Author Topic: Dan Selbo's election as NALC Bishop  (Read 18410 times)

John_Hannah

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Re: Dan Selbo's election as NALC Bishop
« Reply #30 on: August 15, 2019, 05:28:10 PM »


Interesting that the ELCA, LCMS, NALC and WELS have all had conventions, this year. A comparison of the four would probably make a good Forum article (just sayin').

We'll have reports on ELCA, LCMS and NALC. We didn't have anyone at WELS. A comparison would be interesting, but hard to do unless someone went to all of them, and I wouldn't as that of anyone.

Steve Ames gave us substantial and regular reports on the WELS convention. They were as good as any from those assigned. Glad to we got them.

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Paul O Malley

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Re: Dan Selbo's election as NALC Bishop
« Reply #31 on: August 15, 2019, 06:13:48 PM »

Did the NALC keep the historic episcopate from the ELDA?

The NALC didn't receive the historic episcopate from the ELCA.

spt+

As I understand it for the historic episcopate to be present in the NALC it wouldn't need to have come from the ELCA. Isn't it preserved through bishops who are in the chain?
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Brian Stoffregen

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Re: Dan Selbo's election as NALC Bishop
« Reply #32 on: August 15, 2019, 11:17:47 PM »
So High Church, Low Church and I want to say broadchurch, but that really isn't it, more like intellectual church.  Two flavors of aesthetics/church practice and one that puts the emphasis on the intellectual side.

Many of the congregations I've either been a member of, a visitor to, or just acquainted with in passing have multiple worship services every Sunday morning (except some churches drop to one service in the Summer). One of the two is more or less "high" church, and the other is more or less "low" church. Any emphasis or lack thereof on the "intellectual" tends to be transparent to the pew-sitters.

I'll admit, I've never been in close enough geographic proximity to any NALC congregation on any Sunday morning to visit one. And I would want to do so if the opportunity ever presents itself. There is a slim chance my wife and I will be relocating to Boca Raton, Florida, within a year or two. Maybe I'll find one there. I haven't looked yet, it's too far distant a concern at this time.


Traditionally speaking: "high church" meant a sung mass. "Low church" was a spoken mass. All the extra pomp and ceremony or lack of it isn't what made it high or low. Although the big city parishes that could afford the musicians for the sung mass tended to add more ceremonial stuff. The small country parishes may not have had any musicians. The tradition I grew up with where the pastor spoke his parts and the congregation sung their responses was a mixed up mass. Th ALC wasn't much into liturgical tradition.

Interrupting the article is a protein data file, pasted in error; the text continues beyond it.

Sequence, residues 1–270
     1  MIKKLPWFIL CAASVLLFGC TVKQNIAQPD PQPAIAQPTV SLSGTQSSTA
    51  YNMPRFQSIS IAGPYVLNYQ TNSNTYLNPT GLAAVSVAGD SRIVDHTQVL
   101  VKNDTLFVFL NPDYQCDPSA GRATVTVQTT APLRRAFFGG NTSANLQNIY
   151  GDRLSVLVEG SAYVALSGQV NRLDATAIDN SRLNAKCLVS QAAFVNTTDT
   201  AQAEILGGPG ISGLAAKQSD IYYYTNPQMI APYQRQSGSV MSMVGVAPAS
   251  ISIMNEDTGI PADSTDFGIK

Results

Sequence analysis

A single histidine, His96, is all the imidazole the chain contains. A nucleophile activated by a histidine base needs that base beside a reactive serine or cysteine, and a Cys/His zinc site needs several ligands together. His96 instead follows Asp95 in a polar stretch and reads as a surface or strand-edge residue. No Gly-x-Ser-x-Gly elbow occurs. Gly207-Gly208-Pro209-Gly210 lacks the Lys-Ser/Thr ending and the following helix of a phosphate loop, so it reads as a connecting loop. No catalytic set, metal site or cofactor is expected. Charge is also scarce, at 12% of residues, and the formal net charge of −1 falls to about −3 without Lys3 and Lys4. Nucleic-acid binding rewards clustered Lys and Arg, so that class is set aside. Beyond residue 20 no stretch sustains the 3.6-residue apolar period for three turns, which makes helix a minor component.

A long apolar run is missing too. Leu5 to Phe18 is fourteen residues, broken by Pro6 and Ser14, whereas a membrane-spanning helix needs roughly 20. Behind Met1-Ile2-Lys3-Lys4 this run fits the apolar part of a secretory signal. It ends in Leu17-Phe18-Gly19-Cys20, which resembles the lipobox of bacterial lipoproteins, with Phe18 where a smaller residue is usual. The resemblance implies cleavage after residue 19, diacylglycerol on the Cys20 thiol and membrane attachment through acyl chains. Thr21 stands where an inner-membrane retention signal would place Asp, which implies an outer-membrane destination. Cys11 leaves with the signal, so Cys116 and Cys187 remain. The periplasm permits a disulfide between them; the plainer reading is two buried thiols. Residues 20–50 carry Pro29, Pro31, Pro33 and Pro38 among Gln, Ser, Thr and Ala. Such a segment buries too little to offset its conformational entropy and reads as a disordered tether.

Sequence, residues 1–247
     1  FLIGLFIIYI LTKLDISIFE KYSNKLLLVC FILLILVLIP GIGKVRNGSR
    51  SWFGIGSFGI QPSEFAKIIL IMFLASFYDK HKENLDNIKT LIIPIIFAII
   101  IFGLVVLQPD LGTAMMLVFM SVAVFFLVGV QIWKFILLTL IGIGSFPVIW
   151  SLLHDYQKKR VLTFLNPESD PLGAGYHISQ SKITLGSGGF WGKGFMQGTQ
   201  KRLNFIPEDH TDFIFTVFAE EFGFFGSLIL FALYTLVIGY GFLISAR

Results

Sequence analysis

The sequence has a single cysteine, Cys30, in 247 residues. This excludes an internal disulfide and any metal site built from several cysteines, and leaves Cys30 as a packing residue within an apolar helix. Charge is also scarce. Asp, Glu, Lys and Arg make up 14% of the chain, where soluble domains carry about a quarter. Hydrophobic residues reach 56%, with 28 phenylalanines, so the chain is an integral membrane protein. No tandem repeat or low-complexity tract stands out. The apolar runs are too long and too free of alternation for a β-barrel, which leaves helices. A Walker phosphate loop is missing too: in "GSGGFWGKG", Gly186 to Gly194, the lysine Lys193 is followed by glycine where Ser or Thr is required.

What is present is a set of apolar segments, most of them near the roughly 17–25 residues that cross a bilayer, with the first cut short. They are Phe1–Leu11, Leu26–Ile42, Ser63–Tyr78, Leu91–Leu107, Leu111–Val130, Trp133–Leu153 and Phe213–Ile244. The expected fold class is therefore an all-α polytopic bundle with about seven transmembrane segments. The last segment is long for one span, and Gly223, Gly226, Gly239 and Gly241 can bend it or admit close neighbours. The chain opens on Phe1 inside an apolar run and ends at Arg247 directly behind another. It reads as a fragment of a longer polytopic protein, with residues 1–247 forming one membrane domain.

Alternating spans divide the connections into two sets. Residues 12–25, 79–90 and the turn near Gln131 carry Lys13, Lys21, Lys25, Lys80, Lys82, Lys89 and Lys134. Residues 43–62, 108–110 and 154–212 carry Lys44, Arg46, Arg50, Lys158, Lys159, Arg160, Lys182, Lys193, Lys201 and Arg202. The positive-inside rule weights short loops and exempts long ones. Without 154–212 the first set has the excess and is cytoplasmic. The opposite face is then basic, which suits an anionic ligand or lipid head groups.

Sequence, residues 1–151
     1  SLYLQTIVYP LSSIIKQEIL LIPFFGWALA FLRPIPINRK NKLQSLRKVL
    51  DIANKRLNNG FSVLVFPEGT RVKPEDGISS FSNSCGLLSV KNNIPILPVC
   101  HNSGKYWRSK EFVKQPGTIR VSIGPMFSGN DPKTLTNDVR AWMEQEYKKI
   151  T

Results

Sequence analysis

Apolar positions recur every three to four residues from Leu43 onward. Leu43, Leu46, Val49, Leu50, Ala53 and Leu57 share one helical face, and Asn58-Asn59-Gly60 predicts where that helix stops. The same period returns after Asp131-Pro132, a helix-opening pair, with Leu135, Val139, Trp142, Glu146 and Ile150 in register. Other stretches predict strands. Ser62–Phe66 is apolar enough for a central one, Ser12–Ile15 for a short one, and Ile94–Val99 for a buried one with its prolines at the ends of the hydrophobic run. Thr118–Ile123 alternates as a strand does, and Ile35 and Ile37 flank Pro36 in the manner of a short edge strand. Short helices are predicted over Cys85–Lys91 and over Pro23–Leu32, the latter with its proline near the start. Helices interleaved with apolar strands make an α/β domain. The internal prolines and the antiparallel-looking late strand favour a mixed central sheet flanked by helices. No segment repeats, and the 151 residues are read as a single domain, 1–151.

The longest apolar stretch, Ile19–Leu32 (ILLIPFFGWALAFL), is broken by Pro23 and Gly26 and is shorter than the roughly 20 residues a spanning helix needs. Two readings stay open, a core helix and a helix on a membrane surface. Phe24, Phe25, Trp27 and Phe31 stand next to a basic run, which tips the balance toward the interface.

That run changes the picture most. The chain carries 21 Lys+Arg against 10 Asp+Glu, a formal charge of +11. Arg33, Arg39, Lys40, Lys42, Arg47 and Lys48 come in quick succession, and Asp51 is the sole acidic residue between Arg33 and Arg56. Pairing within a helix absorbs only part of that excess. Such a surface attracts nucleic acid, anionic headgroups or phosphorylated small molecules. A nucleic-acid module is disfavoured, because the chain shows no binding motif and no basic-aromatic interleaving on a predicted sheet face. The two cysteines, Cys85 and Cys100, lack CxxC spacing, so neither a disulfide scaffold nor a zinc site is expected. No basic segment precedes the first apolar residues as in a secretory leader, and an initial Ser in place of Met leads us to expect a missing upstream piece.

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Brian Stoffregen

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Re: Dan Selbo's election as NALC Bishop
« Reply #33 on: August 15, 2019, 11:22:08 PM »

Did the NALC keep the historic episcopate from the ELDA?

The NALC didn't receive the historic episcopate from the ELCA.

spt+

As I understand it for the historic episcopate to be present in the NALC it wouldn't need to have come from the ELCA. Isn't it preserved through bishops who are in the chain?


I was wondering if they received it when they were installed as ELCA bishops; then took it to the NALC. However, it is true that the NALC could receive it from other Lutheran bodies who have it or from Episcopal priests. (Although, are they in full-communion with the Episcopal Church?)
"The church … had made us like ill-taught piano students; we play our songs, but we never really hear them, because our main concern is not to make music, but but to avoid some flub that will get us in dutch." [Robert Capon, _Between Noon and Three_, p. 148]

George Erdner

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Re: Dan Selbo's election as NALC Bishop
« Reply #34 on: August 16, 2019, 01:13:11 AM »
So High Church, Low Church and I want to say broadchurch, but that really isn't it, more like intellectual church.  Two flavors of aesthetics/church practice and one that puts the emphasis on the intellectual side.

Many of the congregations I've either been a member of, a visitor to, or just acquainted with in passing have multiple worship services every Sunday morning (except some churches drop to one service in the Summer). One of the two is more or less "high" church, and the other is more or less "low" church. Any emphasis or lack thereof on the "intellectual" tends to be transparent to the pew-sitters.

I'll admit, I've never been in close enough geographic proximity to any NALC congregation on any Sunday morning to visit one. And I would want to do so if the opportunity ever presents itself. There is a slim chance my wife and I will be relocating to Boca Raton, Florida, within a year or two. Maybe I'll find one there. I haven't looked yet, it's too far distant a concern at this time.


Traditionally speaking: "high church" meant a sung mass. "Low church" was a spoken mass. All the extra pomp and ceremony or lack of it isn't what made it high or low. Although the big city parishes that could afford the musicians for the sung mass tended to add more ceremonial stuff. The small country parishes may not have had any musicians. The tradition I grew up with where the pastor spoke his parts and the congregation sung their responses was a mixed up mass. Th ALC wasn't much into liturgical tradition.